Prime Minster Justin Trudeau says he didn’t realize there was an “erosion of trust” between his office and former attorney-general Jody Wilson-Raybould over the fall of 2018 and acknowledged he should have realized this was taking place.

The Prime Minister used an early morning press conference in Ottawa to speak at length about the political crisis that has engulfed his government over the past month and triggered the resignation of one of his most senior aides and two cabinet ministers including Ms. Wilson-Raybould.

He offered no apologies for what has taken place, acknowledged no wrongdoing in what has unfolded since The Globe and Mail reported on Feb. 7 that officials in the Prime Minister’s Office put pressure on Ms. Wilson-Raybould to reach a negotiated settlement with SNC-Lavalin.

Jody Wilson-Raybould testified to the Commons Justice Committee that she faced “consistent and sustained” political pressure from Mr. Trudeau and top officials when she was attorney-general, including “veiled threats” to shelve the criminal prosecution of the Montreal construction and engineering giant.

What Mr. Trudeau did acknowledge Thursday morning is that he should have paid more attention to growing friction between his staff and Ms. Wilson Raybould.

“What has become clear over the various testimonies is over the past months there was an erosion or trust between my office, my former principal secretary and the former attorney-general,” Mr. Trudeau told reporters at the National Press Theatre.

“I was not aware of that erosion of trust. As Prime Minister and leader of the federal ministry, I should have been,” he said.

He said he will be seeking outside advice on whether to separate the posts of attorney-general and justice minister as well as practices and operations of cabinet.

Asked whether he was making an apology in his Thursday address to media, Mr. Trudeau indicated he was not. He said he won’t apologize for defending SNC-Lavalin jobs.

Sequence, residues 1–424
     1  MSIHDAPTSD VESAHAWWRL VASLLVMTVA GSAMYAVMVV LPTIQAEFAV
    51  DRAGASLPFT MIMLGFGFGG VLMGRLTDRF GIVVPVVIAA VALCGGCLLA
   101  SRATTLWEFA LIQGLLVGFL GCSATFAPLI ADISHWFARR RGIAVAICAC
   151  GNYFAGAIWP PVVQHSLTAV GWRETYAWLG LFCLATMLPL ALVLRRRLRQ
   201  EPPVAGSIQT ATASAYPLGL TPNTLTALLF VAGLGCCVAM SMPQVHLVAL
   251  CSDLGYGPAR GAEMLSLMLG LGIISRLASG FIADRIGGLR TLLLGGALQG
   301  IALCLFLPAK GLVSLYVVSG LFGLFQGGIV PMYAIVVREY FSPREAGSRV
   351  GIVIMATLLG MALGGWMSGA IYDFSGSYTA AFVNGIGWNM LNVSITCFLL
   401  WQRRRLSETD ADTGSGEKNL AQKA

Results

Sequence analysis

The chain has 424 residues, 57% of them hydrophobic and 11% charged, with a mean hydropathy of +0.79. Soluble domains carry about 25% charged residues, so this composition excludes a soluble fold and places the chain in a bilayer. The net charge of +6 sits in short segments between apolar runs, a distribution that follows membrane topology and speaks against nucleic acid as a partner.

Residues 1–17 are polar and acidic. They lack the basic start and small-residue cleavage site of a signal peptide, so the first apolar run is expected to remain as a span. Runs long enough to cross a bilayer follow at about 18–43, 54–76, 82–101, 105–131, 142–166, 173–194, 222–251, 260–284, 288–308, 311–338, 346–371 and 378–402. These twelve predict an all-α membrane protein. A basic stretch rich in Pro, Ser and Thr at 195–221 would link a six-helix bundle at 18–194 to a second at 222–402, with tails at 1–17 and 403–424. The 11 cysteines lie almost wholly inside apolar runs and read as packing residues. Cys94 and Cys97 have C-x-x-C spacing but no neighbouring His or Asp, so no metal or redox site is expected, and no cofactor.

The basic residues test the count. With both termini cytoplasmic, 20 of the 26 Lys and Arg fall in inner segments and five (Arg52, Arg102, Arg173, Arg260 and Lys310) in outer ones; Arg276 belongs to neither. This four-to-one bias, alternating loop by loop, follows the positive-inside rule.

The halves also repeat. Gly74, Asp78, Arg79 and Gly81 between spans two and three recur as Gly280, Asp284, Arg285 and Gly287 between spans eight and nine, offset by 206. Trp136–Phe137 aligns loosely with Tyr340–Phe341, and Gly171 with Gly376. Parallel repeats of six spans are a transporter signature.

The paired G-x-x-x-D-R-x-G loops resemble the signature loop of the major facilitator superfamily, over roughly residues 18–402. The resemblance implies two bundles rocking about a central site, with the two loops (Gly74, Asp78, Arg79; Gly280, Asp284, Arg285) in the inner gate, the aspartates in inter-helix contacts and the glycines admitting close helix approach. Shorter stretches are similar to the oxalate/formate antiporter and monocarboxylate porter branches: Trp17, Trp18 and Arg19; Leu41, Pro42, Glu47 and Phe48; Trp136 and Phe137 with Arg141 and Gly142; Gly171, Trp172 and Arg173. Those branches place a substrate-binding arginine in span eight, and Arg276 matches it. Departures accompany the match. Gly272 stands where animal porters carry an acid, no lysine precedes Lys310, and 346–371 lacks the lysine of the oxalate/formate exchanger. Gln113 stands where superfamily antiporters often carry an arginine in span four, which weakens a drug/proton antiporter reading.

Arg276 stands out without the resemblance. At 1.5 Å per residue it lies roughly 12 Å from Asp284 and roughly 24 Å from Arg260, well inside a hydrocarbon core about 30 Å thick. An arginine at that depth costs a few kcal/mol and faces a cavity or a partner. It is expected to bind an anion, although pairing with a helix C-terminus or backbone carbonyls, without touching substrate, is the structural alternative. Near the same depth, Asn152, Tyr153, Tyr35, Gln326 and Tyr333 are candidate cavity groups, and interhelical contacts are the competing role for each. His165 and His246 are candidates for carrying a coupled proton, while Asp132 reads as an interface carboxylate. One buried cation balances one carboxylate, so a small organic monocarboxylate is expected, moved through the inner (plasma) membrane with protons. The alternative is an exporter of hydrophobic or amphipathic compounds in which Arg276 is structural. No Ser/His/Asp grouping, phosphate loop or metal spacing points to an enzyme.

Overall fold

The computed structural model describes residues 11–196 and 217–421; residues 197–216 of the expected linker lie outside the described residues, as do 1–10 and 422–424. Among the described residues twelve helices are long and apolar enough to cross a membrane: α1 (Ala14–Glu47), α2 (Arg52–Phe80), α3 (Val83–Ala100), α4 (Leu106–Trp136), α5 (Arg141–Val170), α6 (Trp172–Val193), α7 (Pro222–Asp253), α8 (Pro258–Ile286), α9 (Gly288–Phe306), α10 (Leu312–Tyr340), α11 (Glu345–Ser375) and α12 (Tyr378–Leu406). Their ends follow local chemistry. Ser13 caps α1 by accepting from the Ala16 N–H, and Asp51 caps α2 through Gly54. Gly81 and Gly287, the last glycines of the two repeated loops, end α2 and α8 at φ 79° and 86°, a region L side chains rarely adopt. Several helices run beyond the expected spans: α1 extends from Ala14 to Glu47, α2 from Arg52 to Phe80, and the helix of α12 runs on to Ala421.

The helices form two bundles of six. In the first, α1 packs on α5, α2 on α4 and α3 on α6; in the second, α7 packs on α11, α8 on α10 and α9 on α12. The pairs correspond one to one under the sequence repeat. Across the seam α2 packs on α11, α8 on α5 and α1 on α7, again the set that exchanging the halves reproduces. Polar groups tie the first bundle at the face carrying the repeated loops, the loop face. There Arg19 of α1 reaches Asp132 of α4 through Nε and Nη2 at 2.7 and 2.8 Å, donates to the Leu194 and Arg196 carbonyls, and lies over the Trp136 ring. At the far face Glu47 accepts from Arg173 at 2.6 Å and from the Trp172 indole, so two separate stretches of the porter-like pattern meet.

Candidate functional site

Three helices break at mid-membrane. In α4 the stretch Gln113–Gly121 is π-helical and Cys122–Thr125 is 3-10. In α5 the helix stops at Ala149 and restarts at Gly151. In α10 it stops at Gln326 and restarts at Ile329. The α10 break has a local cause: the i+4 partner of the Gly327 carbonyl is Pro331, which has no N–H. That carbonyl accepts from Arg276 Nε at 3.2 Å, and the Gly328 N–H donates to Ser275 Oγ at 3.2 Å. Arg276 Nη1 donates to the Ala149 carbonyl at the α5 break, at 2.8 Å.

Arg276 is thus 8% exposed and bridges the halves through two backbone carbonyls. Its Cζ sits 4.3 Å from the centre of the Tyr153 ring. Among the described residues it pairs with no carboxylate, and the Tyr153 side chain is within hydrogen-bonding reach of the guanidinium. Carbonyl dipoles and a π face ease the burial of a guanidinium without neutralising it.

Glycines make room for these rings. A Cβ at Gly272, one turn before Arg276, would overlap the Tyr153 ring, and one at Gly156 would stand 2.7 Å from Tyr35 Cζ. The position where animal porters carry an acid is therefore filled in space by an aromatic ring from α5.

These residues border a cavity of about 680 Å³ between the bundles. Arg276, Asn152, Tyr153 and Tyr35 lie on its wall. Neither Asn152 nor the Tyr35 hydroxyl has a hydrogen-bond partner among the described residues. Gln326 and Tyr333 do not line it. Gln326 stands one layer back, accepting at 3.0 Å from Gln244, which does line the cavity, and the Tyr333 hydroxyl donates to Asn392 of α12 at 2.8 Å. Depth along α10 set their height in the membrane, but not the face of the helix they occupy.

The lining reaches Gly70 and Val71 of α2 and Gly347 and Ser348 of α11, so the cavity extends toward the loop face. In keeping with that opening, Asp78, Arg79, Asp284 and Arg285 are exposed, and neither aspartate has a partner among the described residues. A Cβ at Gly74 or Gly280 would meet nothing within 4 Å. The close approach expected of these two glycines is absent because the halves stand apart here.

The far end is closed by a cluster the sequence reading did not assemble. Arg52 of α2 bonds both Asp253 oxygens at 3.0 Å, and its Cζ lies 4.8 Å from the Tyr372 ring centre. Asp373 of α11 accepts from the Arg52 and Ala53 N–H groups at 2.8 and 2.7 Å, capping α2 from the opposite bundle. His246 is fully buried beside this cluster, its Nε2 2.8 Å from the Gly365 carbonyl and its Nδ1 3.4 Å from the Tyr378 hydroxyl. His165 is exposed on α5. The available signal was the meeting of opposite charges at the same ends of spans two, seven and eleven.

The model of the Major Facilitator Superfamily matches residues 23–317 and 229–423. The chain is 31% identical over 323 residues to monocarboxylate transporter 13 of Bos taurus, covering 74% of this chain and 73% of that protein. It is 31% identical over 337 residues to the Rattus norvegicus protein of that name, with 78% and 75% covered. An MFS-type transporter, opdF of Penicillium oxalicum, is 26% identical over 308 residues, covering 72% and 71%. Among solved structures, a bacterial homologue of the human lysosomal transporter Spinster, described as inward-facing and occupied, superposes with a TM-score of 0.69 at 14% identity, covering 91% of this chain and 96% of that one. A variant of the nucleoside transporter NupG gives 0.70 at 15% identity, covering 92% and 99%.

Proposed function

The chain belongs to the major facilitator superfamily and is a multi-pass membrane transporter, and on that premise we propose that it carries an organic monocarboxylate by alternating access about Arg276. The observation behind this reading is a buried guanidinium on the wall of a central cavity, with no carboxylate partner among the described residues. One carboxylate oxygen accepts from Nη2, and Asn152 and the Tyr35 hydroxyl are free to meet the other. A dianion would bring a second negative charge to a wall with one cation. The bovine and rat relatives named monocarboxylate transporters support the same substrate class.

He characterized what has happened as a case where “situations were experienced differently – and I regret that.”

Mr. Trudeau noted instead he would be making an apology to the Inuit later Thursday in Iqaluit for how Ottawa handled tuberculosis outbreaks in the North last century.

He framed what has occurred as a learning opportunity for his government.

On Thursday, Mr. Trudeau was asked why the PMO and Privy Council Office, the bureaucratic agency that serves the leadership of government, continued to press Ms. Wilson-Raybould after Sept. 17 when she told him to back off.

He insisted he still did not realize that Ms. Wilson-Raybould was unwilling to consider the matter further.

The Prime Minister pointed out the terms of a deferred prosecution agreement allow it to be set up even in the last minutes of a trial.

“We considered she was still open to hearing different arguments and different approaches,” he said.

“As we now learned during her testimony [last week], that was not the case.”

If convicted on the corruption and fraud charges it faces, SNC-Lavalin could be banned from bidding on federal contracts for 10 years – a major economic blow.

In a negotiated settlement, a company admits wrongdoing and pays a fine, but avoids a trial. SNC-Lavalin faces one charge of corruption under the Corruption of Foreign Public Officials Act and one count of fraud under the Criminal Code. It is alleged SNC-Lavalin paid millions of dollars in bribes to public officials in Libya between 2001 and 2011 to secure government contracts.

Ms. Wilson-Raybould has testified that senior government officials between September and December last year kept returning to the question of the company’s pending criminal prosecution, even after she told them her mind was made up and that she supported the director’s decision. She listed 10 conversations or meetings that involved 11 officials.

The B.C. MP told the committee last week that she cautioned Mr. Trudeau on Sept. 17 that she decided to proceed with the prosecution of SNC-Lavalin rather than grant the company a deferred prosecution. She told him “I had done my due diligence and had made up my mind on SNC and that I was not going to interfere with the decision of the director.”

After Mr. Trudeau reminded her that day he was an MP from Montreal, where SNC-Lavalin is based, Ms. Wilson-Raybould testified last week that she asked him to stand down.

“Are you politically interfering with my role, my decision as the Attorney-General? I would strongly advise against it,” the former minister told the Commons justice committee last week.

The Globe and Mail, March 7, 2019